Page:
Don’t wait until the night before Christmas to figure out how to spend your holiday; these cost-effective ideas can help you plan ahead with both your budget and safety in mind.
No matter how chaotic the year, there’s a certain comfort that comes with holiday traditions. This year, however, those traditions may need a COVID-era update.
Packing as many family members as you can around a Christmas Tree while drinking hot chocolate before going out caroling might be a nice Christmas tradition to uphold in a future year, but this year it would break multiple pandemic guidelines.
Additionally, many people are entering the holiday season in a difficult financial situation due to the economic effects of the pandemic. If you’re looking at a tight budget this year, Christmas time could be a chance to try out new, scaled-back traditions. By embracing a DIY sentiment and making your gatherings virtual, you can create new traditions to live on beyond these unique days of Christmas.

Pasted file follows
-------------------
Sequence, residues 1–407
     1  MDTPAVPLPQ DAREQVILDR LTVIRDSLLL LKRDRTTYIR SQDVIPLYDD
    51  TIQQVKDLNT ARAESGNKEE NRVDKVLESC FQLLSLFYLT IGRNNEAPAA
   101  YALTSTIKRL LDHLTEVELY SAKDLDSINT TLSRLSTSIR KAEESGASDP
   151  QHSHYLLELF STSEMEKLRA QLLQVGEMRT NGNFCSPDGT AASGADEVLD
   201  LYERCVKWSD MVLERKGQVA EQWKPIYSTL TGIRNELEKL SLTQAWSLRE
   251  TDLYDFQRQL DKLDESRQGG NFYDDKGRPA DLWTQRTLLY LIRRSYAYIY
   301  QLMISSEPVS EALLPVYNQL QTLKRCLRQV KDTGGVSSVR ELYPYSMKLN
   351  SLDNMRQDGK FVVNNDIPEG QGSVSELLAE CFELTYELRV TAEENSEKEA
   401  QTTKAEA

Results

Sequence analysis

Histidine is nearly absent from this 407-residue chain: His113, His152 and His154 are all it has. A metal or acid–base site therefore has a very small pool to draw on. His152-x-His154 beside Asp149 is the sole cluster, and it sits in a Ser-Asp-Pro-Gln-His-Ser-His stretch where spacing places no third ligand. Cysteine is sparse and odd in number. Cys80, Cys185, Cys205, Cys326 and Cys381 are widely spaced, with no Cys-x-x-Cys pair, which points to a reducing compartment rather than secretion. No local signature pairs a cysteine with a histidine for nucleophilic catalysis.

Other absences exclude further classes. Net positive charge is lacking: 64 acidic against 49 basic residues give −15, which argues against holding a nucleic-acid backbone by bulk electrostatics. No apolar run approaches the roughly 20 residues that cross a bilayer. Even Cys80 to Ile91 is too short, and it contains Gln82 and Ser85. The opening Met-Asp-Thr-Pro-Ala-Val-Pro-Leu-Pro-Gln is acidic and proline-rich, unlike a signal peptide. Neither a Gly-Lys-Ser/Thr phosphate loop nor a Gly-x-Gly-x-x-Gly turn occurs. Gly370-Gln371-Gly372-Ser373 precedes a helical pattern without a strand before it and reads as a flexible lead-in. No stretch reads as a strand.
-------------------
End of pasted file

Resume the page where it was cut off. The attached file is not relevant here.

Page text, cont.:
Which holiday traditions can carry over?
Before you start looking into new traditions, see which family Christmas traditions can carry over, even if the whole family can’t be there.
“Make your same holiday recipes so the holiday brings that holiday sense of smell,” suggests best-selling author and performance coach Erica Keswin. “Set your table with your holiday dinnerware, even if it’s just for your immediate family.”
Consider putting up your regular Christmas decorations, Christmas lights, poinsettias, and mistletoe, even if kissing anyone outside of the people living in your house is against the U.S. Centers for Disease Control and Prevention recommendations.
Of course, the suggestion of following old family traditions doesn’t only apply to Christmas — you can apply this idea to Chanukah or Kwanzaa or Winter Solstice or any other holiday you celebrate. Make those latkes, drink from the Kikombe cha Umoja, or gather around a Yule log, even if all of the usual people aren’t in the room with you.